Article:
In consequence of the above severity of the mob, two other persons, it is said, were so much alarmed for their own safety, as to quit the town in the utmost haste, for the like infamous offence. (Hampshire Chronicle)

Monday 15 May 1786

On Friday the effigies of Mr. S——h were carried through the town, and burnt in the evening, having been suspected guilty of an unnatural crime. (Hampshire Chronicle)

Monday 3 July 1786

On Wednesday, the owner of a Guernsey vessel, who has a wife and two children, and a soldier belonging in the dragoon guards quartered here, were taken into custody, having been discovered the night before in the commission of an unnatural crime. They underwent a very long examination before the Mayor and town Magistrates, at the audit house, in the course of which two witnesses having positively sworn to having caught them in the very fact, they were fully committed to take their trial at the ensuing assizes. – 'Tis well the balance preponderates in favour of the righteous; otherwise the dreadful visitation of an offended deity might with too much reason be expected! (Hampshire Chronicle)

Monday 7 August 1786

Saturday last the assizes for this town and county were opened by Mr. Baron Perryn, knt., when the following prisoners took their trials, viz. . . .
          John Lelarsier [?] and William Greenway, charged with the commission of an unnatural crime, were many hours on trial; but the evidence being in some points incomplete, they were both acquitted. – The mob were assembled round the court and session house in great numbers; and afterwards, as the prisoners were returning back, they were severely handled. Lelarsier was almost killed; and had it not been for the interference of the officers, he had certainly been murdered. (Hampshire Chronicle)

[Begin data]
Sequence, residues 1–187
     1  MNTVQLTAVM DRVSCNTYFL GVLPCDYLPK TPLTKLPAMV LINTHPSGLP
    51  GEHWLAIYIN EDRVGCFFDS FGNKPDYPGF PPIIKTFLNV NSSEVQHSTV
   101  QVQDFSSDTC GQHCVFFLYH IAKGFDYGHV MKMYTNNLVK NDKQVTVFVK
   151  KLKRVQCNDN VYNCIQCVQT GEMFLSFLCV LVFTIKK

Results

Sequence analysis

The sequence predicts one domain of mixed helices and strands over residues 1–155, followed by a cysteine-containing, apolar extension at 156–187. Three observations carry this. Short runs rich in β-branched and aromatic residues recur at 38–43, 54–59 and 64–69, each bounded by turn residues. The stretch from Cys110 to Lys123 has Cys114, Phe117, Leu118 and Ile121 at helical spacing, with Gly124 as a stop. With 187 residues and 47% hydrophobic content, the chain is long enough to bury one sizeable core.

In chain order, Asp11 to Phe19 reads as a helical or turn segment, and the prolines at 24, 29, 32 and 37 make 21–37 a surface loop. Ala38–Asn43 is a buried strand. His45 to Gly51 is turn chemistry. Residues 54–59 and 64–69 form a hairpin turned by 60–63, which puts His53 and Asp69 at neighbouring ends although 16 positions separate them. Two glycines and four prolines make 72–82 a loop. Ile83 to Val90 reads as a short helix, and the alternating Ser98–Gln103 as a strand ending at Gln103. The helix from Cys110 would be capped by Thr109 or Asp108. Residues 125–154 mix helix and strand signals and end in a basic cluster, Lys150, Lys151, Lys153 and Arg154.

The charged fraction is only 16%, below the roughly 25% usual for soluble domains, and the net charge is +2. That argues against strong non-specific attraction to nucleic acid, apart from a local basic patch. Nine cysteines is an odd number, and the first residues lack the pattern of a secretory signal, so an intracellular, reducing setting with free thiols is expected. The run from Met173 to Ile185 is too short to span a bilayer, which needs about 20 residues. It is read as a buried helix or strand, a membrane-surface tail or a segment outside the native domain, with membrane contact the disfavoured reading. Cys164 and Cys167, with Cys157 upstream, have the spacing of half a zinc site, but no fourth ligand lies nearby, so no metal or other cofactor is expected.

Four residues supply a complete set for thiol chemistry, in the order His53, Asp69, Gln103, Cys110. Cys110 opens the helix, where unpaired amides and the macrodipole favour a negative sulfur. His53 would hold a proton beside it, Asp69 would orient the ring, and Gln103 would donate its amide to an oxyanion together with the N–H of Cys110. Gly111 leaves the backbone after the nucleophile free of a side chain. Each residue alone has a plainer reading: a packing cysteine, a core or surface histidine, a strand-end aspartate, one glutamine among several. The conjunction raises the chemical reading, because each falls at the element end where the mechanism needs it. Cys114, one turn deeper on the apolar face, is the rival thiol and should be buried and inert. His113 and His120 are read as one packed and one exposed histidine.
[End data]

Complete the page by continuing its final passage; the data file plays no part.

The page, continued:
Saturday 12 August 1786

On Thursday ended the assizes . . . James Carleton, otherwise Carrington, for an unnatural crime, returned ignoramus – discharged. (Norfolk Chronicle)

Thursday 24 August 1786

Exeter, Aug. 17. . . . Thursday night a clergyman, of the name of Brock, was detected in an attempt to commit an unnatural crime with a gentleman's servant; and on Friday, after a long examination before the Justices, he was committed to Southgate, to take his trial at the next quarter sessions. Being a stranger to this country, he was not able to procure sufficient bail. (Bath Chronicle and Weekly Gazette)

Monday 11 September 1786

                    Wantage, Sept. 3.
A Circumstance has happened in this place, which has engrossed the whole conversation, and it ought before now to have appeared in print. A young man, who lived here as an A—the—ry will about six months ago, and since that he has lived at M—l—h, was burnt in effigy, together with the insignia of his occupation, such as glyster pipes, &c. &c. in consequence of unnatural practices with a wretch who lived with him some little time since as servant. — They had been long suspected, and an intercepted letter to the servant confirmed it. In this letter the servant was called his Dear Joe, and desired to come to him immediately, as his happiness depended upon seeing him, &c. Upon the glyster-pipe hero coming to this place a few days ago, he was, as above observed, burnt in effigy, and driven out of town, but in defiance of decency, he still continues at large. There were others concerned in this detestable transaction; one has since absconded: And as your paper is universally read in the neighbourhood where the man is, it is the wish of this town that you would publish an account of this wicked business, either as an extract of a letter, or as a paragraph, to deter others from the commission of a crime so disgraceful to human nature.
          I am, Sir,
                    Your humble servant,
                              JOSEPH PULLEN.
                              (Salisbury and Winchester Journal)
[For the resulting libel case, see News Reports for 22 and 24 February 1787.]

CITATION: If you cite this Web page, please use the following citation:
Rictor Norton (Ed.), "Newspaper Reports, 1786", Homosexuality in Eighteenth-Century England: A Sourcebook, 16 September 2014, updated 30 July 2018 <>.